What drew you to this story for a retelling?

I grew up on a steady diet of the Redwall series. I checked out every book from the library and savored every feast scene and battle. And like most fans of fantasy fiction, my first taste of it came from tales of King Arthur and his knights. So when Paper Lantern Lit approached me with the project for Mice of the Round Table, I knew this was the perfect fit for me.  

What are some of the advantages and disadvantages of retelling a story?

My favorite thing about writing an Arthurian retelling is that I can bake in references and literary Easter eggs that will hopefully pay off when the reader continues to explore the legends in their own right. On the flip side, I have to ensure that my story arc follows the trajectory that everyone expects—for the most part at least, I like to throw in some surprises. 😉

How much research did you do?

My research was twofold. I did a lot of digging into Arthurian legends themselves. But I quickly found that the versions we have come to know as canon have also been modified and tweaked through the ages. Different authors left in their own details and flourishes which I found fascinating.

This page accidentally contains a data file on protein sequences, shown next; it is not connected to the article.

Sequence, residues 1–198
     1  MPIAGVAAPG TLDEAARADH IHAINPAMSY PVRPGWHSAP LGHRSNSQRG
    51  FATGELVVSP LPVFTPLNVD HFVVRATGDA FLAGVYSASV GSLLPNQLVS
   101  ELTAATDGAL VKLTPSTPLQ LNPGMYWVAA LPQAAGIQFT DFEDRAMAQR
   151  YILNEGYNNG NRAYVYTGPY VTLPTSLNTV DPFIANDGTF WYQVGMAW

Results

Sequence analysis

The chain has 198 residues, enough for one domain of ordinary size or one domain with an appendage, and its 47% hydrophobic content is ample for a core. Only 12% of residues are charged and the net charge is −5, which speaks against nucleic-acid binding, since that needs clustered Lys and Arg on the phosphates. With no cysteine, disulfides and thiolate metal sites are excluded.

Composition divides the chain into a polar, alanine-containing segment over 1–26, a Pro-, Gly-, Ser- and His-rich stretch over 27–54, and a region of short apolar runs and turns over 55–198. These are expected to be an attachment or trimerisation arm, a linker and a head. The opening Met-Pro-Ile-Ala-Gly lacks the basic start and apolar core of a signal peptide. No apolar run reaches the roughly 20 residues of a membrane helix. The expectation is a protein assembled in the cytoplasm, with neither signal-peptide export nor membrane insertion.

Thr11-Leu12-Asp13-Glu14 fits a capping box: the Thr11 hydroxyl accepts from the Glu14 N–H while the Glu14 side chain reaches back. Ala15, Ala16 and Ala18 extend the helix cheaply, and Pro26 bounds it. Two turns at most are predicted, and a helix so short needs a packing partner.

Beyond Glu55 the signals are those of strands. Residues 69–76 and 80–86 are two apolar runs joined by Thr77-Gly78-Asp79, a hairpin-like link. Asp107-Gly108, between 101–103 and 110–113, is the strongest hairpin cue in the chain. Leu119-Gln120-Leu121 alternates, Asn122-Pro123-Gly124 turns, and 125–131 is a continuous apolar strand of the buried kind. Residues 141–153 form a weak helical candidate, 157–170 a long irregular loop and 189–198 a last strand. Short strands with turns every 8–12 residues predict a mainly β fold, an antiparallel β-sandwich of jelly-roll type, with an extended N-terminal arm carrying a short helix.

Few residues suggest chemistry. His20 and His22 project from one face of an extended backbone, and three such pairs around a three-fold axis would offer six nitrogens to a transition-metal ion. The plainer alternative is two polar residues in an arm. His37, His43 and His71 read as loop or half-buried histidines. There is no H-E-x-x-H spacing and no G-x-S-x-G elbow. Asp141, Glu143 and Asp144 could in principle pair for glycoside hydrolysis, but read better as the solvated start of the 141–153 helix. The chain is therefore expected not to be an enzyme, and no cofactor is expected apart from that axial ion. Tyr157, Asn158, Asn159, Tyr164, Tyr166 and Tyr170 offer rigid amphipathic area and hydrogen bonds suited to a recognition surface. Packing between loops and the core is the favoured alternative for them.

I also refreshed myself on a lot of “rodent-as-hero” stories like Poppy, The Mouse and the Motorcycle, and other classic tales. One of my biggest challenges was to correctly scale mice in a world built by humans.

What are some details you included to evoke the time period?

I tried to place the story in a timeless and familiar fairytale setting. That meant excising any words or terminology that sounded too modern and paying attention to the descriptions food and clothing to make sure they felt grounded within historical reason.

Why do you write middle grade?

The books that truly turned me into an insatiable reader for life were read when I was 8-12 years old. I wanted to write for this age because I could incorporate a sense of innocent wonder and adventure but at the same time introduce more complex themes.

What was your favorite book when you were a kid? 

Ozma of Oz by Frank L. Baum